Anemone narcissiflora (Ranunculaceae)
Anemone narcissiflora is a perennial seed producing herb, with leaves at the base of the stem. It has white flowers, and is often confused with Trollius albus, the Globeflower, which may grow in the same habitat. The narcissa anemone has bright white flowers and hairy stems and leaves, while the Globeflower has pale yellow flowers and stems and leaves that are not hairy. The fruits also differ, the globeflower has many-seeded follicles, while the narcissa anemone has single-seeded achenes. Growing to be approximately 30-45 cm tall, the narcissa anemone prefers to bloom in May through June in North America.
Distribution and Habitat
Narcissa anemone occurs in Colorado, Wyoming, British Columbia, Northwest Territories, Yukon, and Alaska. It prefers grassy moist areas in alpine tundra where it grows on hillsides and in open meadows that supply adequate drainage. The plant can withstand minimum temperatures of -26.2 to -28.8 degrees C, and maximum temperatures of 6.7 to 9.4 degrees C. Tolerable soil pH varies from 6.1 – 7.8. Abiotic factors that influence the growth of the narcissa anemone are the cold temperatures of alpine tundra and drainage availability.
The narcissa anemone can protect itself from predators through its production of protoanemonin. This chemical is a byproduct of the glycoside ranunculin. Irritating and bitter in taste, this poisonous oil causes topical irritation if touched and gastrointestinal irritation if consumed. This chemical becomes harmless once the plant has dried.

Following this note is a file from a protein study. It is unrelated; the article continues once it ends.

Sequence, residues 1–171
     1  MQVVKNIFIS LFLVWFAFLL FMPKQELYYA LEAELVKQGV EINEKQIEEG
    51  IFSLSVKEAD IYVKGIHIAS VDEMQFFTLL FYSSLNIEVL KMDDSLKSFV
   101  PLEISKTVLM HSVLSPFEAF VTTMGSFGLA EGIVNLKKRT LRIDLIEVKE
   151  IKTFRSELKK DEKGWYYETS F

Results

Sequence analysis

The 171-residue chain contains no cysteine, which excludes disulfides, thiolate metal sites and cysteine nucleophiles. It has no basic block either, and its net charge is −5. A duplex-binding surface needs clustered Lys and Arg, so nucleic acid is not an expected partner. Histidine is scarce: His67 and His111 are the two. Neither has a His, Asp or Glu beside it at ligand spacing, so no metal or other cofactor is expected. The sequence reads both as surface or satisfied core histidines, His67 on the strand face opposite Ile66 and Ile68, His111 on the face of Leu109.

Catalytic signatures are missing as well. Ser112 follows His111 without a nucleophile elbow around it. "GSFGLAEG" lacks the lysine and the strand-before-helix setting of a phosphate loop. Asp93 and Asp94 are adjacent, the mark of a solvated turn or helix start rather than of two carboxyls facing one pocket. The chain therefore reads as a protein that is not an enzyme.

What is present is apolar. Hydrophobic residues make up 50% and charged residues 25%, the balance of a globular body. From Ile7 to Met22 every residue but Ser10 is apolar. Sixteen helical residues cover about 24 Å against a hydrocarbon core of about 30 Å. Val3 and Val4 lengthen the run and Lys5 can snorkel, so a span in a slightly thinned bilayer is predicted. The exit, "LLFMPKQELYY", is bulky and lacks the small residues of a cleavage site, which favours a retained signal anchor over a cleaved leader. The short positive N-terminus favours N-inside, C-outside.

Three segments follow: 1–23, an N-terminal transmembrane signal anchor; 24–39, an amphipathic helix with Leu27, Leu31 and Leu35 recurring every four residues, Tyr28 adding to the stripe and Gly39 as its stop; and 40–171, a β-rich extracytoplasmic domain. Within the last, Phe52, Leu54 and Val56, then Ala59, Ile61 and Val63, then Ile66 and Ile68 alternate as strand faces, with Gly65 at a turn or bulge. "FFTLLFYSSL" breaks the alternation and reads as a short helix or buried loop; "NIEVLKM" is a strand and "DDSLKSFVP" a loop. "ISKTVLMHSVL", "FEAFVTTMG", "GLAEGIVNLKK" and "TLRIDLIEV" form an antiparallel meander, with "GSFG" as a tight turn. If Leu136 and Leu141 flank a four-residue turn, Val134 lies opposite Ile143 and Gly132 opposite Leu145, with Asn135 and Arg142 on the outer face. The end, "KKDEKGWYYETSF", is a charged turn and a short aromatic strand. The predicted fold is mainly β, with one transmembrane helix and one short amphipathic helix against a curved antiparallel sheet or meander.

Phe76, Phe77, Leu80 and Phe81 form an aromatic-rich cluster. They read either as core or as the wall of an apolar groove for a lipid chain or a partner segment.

The ptarmigan consumes the leaves, flowers, and nectar of the narcissa anemone. This bird is native to alpine tundra, and likes to breed in areas where water and willow shrubs are nearby. Narcissa anemone also grows in these areas. Sheep have been known to feed off of this plant, but if they consume protoanemonin they will suffer from gastrointestinal discomfort. Bees and flies (species and genus unknown) help to pollinate this plant.
Status and Conservation
Conservation implications are difficult to determine. Humans threaten the long-term survival of this species through habitat destruction. Since this plant prefers colder climates, global warming threatens the habitat. There are no known management practices to conserve this plant, but conservations of wild habitats and reduction of pollution are necessary for this species to continue to thrive.
Many thanks to Jesse Schmidt and Dr. Pat Magee of Western State College for this submission, and to Diana Cosand of Chaffey College for her review and additions. Photo credit to Kathy Darrow.
Savchenko, T. Whiting, P. Sarker, and S. Dinan, L. 1998. Analysis of species of the Ranunculaceae for ecdysteroid agonists and antagonists -II. Ecdysteroids in the genus Anemone. Biochem Sys Ecol. (26) 1 pp. 131-134.